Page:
an assembled battery including a plurality of blocks that are connected in series to one another, each of the plurality of the blocks including cells that are connected in parallel to one another, and each of the plurality of the blocks including a same number of cells;
a current sensor configured to detect a current that is input to the assembled battery and output from the assembled battery; and
a control device configured to perform charge-discharge control of the assembled battery in accordance with a current value of the assembled battery, the control device being configured to calculate a first internal resistance and a second internal resistance, the first internal resistance being an internal resistance of a first block as one of the plurality of the blocks, the second internal resistance being an internal resistance of a second block—as another one of the plurality of the blocks, the control device being configured to calculate an internal resistance ratio, the internal resistance ratio being a value obtained by dividing the higher one of the first internal resistance and the second internal resistance by the lower one of the first internal resistance and the second internal resistance, the control device being configured to calculate a protection current and perform the charge-discharge control based on the protection current, and the protection current being a value obtained by multiplying the internal resistance ratio by a current value detected by the current sensor.

2. The secondary battery system according to claim 1, wherein

the first block and the second block are adjacent to each other,
the control device is configured to obtain a maximum value of all the internal resistance ratios, and
the control device is configured to calculate the protection current by multiplying the maximum value of all the internal resistance ratios by a current value detected by the current sensor.

3. The secondary battery system according to claim 1, wherein

the first internal resistance is the highest internal resistance among the internal resistances of the plurality of the blocks,
the second internal resistance is the lowest internal resistance among the internal resistances of the plurality of the blocks, and
the internal resistance ratio is a value obtained by dividing the first internal resistance by the second internal resistance.

4. The secondary battery system according to claim 1, wherein

the charge-discharge control includes protection control of the assembled battery.

5. The secondary battery system according to claim 4, wherein

the protection control is adjusting a state of charge of the assembled battery within a permissible range,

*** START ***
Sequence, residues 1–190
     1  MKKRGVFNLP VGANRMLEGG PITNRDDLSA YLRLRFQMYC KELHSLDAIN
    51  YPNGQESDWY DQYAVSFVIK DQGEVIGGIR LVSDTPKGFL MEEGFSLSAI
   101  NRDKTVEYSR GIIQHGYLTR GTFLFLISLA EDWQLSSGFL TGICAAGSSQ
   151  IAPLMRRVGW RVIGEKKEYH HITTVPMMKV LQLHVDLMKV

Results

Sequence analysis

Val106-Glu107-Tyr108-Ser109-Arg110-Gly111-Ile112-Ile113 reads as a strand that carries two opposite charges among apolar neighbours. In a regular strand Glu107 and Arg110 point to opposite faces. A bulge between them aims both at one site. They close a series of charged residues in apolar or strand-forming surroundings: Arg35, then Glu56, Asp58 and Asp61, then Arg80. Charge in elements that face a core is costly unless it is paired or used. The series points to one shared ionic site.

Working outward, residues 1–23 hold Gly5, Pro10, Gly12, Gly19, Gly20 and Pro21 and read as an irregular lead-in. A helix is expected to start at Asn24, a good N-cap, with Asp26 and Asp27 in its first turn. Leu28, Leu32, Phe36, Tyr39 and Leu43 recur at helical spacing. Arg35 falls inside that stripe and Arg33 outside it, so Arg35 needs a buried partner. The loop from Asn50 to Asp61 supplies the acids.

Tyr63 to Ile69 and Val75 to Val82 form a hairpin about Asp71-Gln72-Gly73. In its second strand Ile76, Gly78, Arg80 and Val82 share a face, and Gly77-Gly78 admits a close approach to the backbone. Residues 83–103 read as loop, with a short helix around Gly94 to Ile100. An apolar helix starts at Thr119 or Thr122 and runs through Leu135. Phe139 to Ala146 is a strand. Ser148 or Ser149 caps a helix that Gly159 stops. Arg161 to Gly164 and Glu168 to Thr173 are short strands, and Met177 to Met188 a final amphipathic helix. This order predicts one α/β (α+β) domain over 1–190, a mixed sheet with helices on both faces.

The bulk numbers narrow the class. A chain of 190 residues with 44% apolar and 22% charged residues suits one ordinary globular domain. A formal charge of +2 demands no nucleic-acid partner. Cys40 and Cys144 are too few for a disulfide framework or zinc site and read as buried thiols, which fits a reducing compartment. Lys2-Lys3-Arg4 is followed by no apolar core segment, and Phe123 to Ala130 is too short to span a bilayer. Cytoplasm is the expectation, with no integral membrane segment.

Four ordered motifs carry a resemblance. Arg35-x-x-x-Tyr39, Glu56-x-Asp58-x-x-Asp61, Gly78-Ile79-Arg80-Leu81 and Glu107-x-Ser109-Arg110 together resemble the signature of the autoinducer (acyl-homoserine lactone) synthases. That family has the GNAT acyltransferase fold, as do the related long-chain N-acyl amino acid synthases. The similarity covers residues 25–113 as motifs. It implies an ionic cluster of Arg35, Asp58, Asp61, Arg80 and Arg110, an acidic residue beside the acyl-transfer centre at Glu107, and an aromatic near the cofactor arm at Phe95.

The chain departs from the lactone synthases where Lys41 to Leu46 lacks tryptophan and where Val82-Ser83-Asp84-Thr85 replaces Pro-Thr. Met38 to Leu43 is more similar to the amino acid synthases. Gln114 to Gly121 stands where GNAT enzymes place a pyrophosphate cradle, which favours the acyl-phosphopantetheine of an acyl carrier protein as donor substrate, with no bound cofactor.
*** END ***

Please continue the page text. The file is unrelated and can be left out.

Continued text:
a limit value of an electric power with which the assembled battery is charged and a limit value of an electric power that is discharged from the assembled battery are calculated based on the protection current, when adjusting the state of charge of the assembled battery.

6. The secondary battery system according to claim 4, wherein

the protection control is limiting a input current and a output current of the assembled battery such that the protection current becomes equal to or smaller than a permissible input current value and a permissible output current value.

7. A control method for a secondary battery, the secondary battery including an assembled battery, a current sensor, and a control device, the assembled battery including a plurality of blocks that are connected in series to one another, each of the plurality of the blocks including cells that are connected in parallel to one another, each of the plurality of the blocks including a same number of cells, and the current sensor being configured to detect a current that is input to the assembled battery and output from the assembled battery,

the control method comprising:
calculating a first internal resistance and a second internal resistance by the control device, the first internal resistance being an internal resistance of a first block as one of the plurality of the blocks, and the second internal resistance being an internal resistance of a second block as another one of the plurality of the blocks,
calculating an internal resistance ratio by the control device, the internal resistance ratio being a value obtained by dividing the higher one of the first internal resistance and the second internal resistance by the lower one of the first internal resistance and the second internal resistance,
calculating a protection current by the control device, the protection current being a value obtained by multiplying the internal resistance ratio by a current value detected by the current sensor, and
performing charge-discharge control by the control device, based on the protection current.
Patent History
Publication number: 20200303787
Type: Application
Filed: Nov 30, 2018
Publication Date: Sep 24, 2020
Applicants: TOYOTA JIDOSHA KABUSHIKI KAISHA (Toyota-shi, Aichi-ken), DENSO CORPORATION (Kariya-City, Aichi-pref)
Inventors: Kiyohito MACHIDA (Aichi-gun, Aichi-ken), Hiroki TASHIRO (Aichi-gun, Aichi-ken), Yoshihiro UCHIDA (Nagakute-shi, Aichi-ken), Nobuyuki TANAKA (Toyota--shi, Aichi-ken), Masaki UCHIYAMA (Kariya-shi, Aichi-ken)
Application Number: 16/768,376
Classifications
International Classification: H01M 10/44 (20060101); B60L 58/12 (20060101); B60L 58/21 (20060101); H01M 10/42 (20060101); H01M 10/48 (20060101); G01R 31/389 (20060101);